Alcohol exposure in the womb can lead to poor sleep in adulthood, according to new research from the United States.
The study saw researchers replicating a woman drinking a large quantity of alcohol in the last three months of pregnancy in mice, by injecting the animals with a single dose of pure alcohol a week after their birth.
By studying the behaviour of the mice, researchers discovered that mice that were exposed to alcohol didn’t get as much slow-wave sleep as other mice in the experiment.
Slow-wave sleep is vitally important for providing restorative sleep, as well as being the function where the brain turns the day’s events into long term memories.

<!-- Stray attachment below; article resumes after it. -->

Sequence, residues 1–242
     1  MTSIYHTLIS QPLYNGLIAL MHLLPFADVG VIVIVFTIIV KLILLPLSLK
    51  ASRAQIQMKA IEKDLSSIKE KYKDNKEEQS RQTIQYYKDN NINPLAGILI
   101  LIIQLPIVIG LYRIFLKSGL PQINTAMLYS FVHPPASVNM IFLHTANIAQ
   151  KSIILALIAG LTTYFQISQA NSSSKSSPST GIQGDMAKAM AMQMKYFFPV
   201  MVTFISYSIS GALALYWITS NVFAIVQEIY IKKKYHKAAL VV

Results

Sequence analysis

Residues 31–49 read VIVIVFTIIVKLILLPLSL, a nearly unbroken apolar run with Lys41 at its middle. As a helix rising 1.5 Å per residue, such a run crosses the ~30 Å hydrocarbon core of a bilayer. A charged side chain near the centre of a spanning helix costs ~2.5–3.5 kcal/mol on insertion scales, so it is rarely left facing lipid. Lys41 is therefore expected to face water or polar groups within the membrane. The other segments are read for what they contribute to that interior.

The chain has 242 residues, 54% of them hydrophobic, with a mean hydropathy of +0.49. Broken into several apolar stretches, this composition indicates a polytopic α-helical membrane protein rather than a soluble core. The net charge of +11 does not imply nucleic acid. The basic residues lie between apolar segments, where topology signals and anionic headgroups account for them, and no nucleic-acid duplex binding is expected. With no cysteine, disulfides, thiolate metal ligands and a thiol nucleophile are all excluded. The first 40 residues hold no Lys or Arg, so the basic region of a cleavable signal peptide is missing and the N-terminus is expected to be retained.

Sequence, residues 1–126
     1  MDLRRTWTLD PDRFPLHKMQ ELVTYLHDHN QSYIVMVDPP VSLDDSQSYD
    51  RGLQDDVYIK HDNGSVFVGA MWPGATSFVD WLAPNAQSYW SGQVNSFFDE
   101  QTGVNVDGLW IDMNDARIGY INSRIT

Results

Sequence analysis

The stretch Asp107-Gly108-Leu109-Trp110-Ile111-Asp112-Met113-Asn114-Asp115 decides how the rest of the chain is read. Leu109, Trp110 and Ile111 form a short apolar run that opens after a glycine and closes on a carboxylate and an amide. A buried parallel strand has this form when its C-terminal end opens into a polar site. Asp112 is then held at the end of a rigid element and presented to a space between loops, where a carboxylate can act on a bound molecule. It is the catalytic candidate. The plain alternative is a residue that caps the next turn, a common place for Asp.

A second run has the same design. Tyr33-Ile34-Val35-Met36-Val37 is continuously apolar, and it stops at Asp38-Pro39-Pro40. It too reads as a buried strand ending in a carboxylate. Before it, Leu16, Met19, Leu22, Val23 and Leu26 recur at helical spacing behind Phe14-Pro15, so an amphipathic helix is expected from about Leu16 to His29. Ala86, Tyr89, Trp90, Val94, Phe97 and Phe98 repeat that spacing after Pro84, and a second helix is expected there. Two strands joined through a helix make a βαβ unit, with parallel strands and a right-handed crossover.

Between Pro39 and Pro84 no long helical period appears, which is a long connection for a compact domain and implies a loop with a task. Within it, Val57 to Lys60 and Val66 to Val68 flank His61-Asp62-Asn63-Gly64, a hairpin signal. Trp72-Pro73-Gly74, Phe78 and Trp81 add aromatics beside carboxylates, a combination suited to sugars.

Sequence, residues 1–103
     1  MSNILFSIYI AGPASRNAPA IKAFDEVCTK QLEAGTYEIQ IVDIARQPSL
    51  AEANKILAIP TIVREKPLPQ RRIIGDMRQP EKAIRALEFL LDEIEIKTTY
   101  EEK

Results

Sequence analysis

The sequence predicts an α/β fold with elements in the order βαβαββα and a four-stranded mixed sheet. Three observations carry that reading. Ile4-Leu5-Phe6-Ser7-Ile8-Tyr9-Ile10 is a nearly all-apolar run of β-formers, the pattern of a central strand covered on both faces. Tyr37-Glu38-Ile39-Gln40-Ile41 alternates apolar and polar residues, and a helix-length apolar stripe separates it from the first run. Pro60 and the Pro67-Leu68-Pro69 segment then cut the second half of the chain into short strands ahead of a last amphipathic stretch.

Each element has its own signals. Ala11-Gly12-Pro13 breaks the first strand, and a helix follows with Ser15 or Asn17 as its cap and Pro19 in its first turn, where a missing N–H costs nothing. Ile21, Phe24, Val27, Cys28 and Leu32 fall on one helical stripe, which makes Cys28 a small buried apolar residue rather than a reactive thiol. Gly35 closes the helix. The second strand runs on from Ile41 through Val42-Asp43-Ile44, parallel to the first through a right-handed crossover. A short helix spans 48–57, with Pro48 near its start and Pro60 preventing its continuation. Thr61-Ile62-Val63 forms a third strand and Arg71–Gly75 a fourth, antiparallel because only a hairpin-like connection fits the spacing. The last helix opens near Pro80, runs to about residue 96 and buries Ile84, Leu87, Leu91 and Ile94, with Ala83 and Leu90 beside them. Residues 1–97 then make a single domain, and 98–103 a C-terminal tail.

The mice that were exposed to alcohol were more likely to be hyperactive and to suffer from memory problems.
The scientists from New York University say that the study is very relevant to humans, even though it was conducted on mice.
Researcher Professor Donald Wilson said:
“We have known for a long time that sleep fragmentation is associated with impaired cognitive function, attention and emotional regulation. Our study shows for the first time that binge alcohol exposure early in life results in long-lasting slow-wave sleep fragmentation, which, in turn, is associated with learning problems.”
The current guidelines in Australia, advise woman to avoid alcohol in pregnancy.
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